Matt is settling in well to his new job – and the staff around him are friendly and welcoming. The schools up here have a high staff turnover so there are lots of new staff at Amata Anangu School this year. The principal and deputy appear to be strong leaders, and Matt is pleased to have them to learn from. The pool in Amata is a hub for the tjiitjiis (kids). But at the moment, keeping the pool open is a bit of an issue. We have a pool manager, but he needed a DCSI clearance (don’t even ask me what that stands for but it basically means if you’ve done anything bad, you haven’t been caught yet!) because of recent cases of crimes against children, these clearances have been taking months to come through, and unfortunately the pool manager doesn’t have his. Matt volunteers me (who has a DCSI clearance and senior first aid being an RN) to hang out at the pool so we can keep it open. If the pool isn’t open, often the kids will resort to swimming in the open sewer ponds, called the kuna ponds (pronounced Goona and means shit – so the shit ponds) because they can’t swim at the pool. Kids on the APY aren’t a priority for the government it seems. So I go and hang out at the pool with the kids for 3 days so that the pool can remain open. The Anangu kids LOVE the pool. They swarm in when it opens, when the pool manager blares slightly lame 80s music from the loudspeaker to let the town know it’s open. These kids – tiny tjiitjiis all of 4 years old are amazing swimmers! They far outstrip my nearly 4 year old who has had ample access to swimming pools! And they are delightful. The big kids take the baby from me and swim away with her! The smaller kids Mins age are trying to coax him into the pool to play with them. They ask me who I am and if I’m a teacher, I explain that my husband Matt is and they want to know everything about me and the kids. Some of the older girls ask me where I’m from. I tell them Adelaide, but I also tell them of my family link to Ernabella. I try my desert language on them and they fall over laughing at me! I ask them if I’m wrong – and they say “uwa! It’s right!” But they laugh at me all the same, which makes me laugh too! I guess I must have funny pronounciation! Min has always loved older girls – so he makes friends with some of the girls. There are fights to break up, dogs to chase out, backflips to stop, but by and large the kids are really good, they know that they’ll get kicked out if they’re not. The pool is also tied to attendance, so during the school term if they spend the day at school they get a wristband which means that they can go to the pool. Floating in this beautiful sea-green pool, surrounded by red dirt, magnificent ranges, laughing kids; it’s easy to think that Amata is an idylic paradise, without all the social issues, crime, violence, dysfunction and poverty. But for today, in this moment, I can close my eyes and smile to myself – I love it here.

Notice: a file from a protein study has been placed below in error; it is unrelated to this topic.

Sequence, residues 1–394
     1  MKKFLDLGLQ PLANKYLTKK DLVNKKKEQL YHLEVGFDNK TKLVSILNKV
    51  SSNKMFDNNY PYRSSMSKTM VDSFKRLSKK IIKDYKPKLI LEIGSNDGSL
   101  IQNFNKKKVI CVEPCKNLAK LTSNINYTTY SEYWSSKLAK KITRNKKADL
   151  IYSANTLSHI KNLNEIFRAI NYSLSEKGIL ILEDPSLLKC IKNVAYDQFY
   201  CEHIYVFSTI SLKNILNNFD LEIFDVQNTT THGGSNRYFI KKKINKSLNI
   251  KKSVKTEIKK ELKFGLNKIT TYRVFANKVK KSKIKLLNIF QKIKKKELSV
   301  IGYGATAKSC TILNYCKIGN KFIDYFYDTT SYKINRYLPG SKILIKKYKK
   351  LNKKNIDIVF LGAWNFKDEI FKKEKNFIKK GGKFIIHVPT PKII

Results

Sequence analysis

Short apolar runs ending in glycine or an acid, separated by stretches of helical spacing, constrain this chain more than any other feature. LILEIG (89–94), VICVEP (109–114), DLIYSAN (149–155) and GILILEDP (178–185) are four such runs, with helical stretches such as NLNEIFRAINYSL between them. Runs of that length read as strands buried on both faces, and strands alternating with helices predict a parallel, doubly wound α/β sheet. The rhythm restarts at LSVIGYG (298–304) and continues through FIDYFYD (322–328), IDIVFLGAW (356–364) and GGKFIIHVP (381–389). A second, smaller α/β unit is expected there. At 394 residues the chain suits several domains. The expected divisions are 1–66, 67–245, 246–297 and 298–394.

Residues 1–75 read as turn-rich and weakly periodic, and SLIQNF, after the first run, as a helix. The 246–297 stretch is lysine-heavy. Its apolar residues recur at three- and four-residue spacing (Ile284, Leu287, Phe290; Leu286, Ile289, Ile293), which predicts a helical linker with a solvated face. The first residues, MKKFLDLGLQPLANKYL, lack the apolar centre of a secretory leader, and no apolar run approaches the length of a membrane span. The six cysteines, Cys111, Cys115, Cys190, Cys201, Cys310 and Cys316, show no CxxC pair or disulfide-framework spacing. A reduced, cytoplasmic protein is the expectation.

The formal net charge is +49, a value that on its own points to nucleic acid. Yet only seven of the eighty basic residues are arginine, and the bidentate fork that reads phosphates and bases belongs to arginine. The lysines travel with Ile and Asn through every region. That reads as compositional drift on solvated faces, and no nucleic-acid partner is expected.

4 thoughts on “Pooled Resources ”
Hi Liz. Happy you all made it safely. I can empathise with your feelings of belonging and not belonging at the same time. I felt like that when I visited the birth country of my parents who were both refugees and met here in Australia where I was born. Stay true to your heart. Its going to be an amazing spiritual journey for you. x
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thanks so much Sue! i think you’re right!
your words paint such a lovely picture! it is wonderful that the children are learning about you… i have a feeling that you are going to learn from/about them as well… they may be your first real teachers there (they can help you with the language!) and offer you an amazing re-entry into your culture! your children too! i am very happy for you! 🙂
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thanks so much!!